On October 23, 2014, Canadian Minister of Finance Joe Oliver
introduced and moved for first reading of Bill C-43, A Second
Act to Implement Certain Provisions of the Budget Tabled in
Parliament on February 11, 2014 and Other Measures, also known
by its short title Economic Action Plan 2014 Act, No.
The Bill seeks to, among other things, make Canada's
Industrial Design Act and Patent Act consistent
with the Hague Agreement Concerning the International
Registration of Industrial Designs and the Patent Law
In its summary section, the Bill states the following with
respect to those purposes:
Division 1 of Part 4 amends the
Industrial Design Act to make that Act consistent with the
Geneva (1999) Act of the Hague Agreement Concerning the
International Registration of Industrial Designs and to give
the Governor in Council the authority to make regulations for
carrying it into effect. The amendments include provisions relating
to the contents of an application for the registration of a design,
requests for priority, and the term of an exclusive right for a
It also amends the Patent
Act to, among other things, make that Act consistent with the
provisions of the Patent Law Treaty. The amendments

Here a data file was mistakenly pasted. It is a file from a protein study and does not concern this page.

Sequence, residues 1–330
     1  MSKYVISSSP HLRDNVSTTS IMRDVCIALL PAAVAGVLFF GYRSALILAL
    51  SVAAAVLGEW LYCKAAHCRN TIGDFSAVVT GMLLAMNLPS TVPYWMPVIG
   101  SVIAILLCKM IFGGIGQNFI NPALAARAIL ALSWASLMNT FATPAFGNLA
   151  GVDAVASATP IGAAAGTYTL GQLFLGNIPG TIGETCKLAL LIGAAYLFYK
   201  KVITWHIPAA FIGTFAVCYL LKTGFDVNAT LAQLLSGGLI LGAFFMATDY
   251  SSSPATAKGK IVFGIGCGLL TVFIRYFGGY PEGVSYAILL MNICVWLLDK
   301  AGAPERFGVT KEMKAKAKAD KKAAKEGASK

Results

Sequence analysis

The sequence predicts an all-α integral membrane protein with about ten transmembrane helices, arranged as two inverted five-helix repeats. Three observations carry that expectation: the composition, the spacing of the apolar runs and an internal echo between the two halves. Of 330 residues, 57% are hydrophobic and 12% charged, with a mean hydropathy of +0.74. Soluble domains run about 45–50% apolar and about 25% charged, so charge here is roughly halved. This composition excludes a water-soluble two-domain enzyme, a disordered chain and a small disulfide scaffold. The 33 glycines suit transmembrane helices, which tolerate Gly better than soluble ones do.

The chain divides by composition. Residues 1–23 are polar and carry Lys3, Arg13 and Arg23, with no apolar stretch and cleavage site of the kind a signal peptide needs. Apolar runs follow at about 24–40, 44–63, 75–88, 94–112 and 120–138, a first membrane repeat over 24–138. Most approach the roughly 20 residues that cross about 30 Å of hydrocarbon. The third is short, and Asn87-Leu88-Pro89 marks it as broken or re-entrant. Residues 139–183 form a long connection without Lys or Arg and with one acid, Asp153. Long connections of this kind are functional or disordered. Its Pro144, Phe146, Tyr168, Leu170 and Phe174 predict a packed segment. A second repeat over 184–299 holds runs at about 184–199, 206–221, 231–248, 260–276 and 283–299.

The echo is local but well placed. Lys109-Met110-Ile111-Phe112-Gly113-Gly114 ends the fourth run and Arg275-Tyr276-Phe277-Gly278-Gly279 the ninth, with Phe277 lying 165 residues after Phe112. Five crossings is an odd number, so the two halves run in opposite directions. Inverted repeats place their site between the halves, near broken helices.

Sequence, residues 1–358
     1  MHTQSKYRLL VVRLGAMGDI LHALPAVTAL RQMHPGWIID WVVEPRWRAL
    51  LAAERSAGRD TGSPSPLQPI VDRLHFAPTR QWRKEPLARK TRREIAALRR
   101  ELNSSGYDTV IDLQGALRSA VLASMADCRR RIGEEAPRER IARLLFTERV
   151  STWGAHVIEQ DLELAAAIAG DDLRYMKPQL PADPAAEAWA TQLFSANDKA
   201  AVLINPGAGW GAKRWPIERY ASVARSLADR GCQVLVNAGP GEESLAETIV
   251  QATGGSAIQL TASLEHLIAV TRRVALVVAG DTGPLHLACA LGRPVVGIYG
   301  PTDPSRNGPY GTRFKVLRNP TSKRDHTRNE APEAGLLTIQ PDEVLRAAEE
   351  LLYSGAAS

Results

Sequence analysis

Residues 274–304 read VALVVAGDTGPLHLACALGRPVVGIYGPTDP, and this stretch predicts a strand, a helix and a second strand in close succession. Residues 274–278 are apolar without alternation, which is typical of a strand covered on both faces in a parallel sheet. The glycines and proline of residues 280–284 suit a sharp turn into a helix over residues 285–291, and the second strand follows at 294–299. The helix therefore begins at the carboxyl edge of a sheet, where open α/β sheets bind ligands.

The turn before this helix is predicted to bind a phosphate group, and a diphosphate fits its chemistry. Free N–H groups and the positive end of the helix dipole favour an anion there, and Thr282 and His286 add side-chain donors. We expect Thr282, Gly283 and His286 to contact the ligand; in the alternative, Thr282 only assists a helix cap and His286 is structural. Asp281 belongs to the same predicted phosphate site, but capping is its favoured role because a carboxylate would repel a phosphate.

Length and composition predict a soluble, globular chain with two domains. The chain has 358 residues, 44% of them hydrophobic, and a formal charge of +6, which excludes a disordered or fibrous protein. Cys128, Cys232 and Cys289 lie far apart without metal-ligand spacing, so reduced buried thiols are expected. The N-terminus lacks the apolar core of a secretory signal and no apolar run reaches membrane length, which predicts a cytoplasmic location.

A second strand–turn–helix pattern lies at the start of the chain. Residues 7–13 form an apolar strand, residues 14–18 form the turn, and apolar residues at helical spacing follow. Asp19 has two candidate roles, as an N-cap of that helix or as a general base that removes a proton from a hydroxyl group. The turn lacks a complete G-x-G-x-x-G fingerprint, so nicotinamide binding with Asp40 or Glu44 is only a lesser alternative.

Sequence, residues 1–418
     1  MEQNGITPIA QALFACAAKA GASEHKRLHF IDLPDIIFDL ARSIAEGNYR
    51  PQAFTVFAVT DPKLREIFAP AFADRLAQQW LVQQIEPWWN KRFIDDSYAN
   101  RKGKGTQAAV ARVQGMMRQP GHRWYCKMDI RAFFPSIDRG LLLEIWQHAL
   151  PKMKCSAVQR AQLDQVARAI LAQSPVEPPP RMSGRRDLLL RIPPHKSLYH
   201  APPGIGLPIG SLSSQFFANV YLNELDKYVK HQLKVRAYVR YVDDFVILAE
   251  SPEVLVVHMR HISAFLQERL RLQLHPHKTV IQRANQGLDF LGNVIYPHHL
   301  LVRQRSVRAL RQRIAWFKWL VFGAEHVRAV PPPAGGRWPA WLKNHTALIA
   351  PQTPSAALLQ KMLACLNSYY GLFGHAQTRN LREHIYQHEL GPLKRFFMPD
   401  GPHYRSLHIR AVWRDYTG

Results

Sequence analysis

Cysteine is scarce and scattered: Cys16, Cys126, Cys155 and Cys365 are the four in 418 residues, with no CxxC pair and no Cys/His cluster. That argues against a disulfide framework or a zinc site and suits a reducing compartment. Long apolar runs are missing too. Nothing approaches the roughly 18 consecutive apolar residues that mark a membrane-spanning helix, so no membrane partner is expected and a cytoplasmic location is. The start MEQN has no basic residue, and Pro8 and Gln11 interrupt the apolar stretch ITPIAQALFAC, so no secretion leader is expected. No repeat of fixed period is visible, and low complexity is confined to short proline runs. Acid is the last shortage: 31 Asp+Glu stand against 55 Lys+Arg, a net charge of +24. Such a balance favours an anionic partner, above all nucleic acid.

include reducing the requirements for obtaining a filing date in
relation to an application for a patent, requiring that an
applicant be notified of a missed due date before an application is
deemed to be abandoned, and providing that a patent may not be
invalidated for non-compliance with certain requirements relating
to the application on the basis of which the patent was
The preceding is intended as a timely update on Canadian
intellectual property and technology law. The content is
informational only and does not constitute legal or professional
advice. To obtain such advice, please communicate with our offices
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A recent Saskatchewan Court of Queen's Bench decision allowed a court-appointed receiver to sell and transfer intellectual property rights free and clear of encumbrances, finding that a license to use improvements of an invention was a contractual interest and not a property interest.
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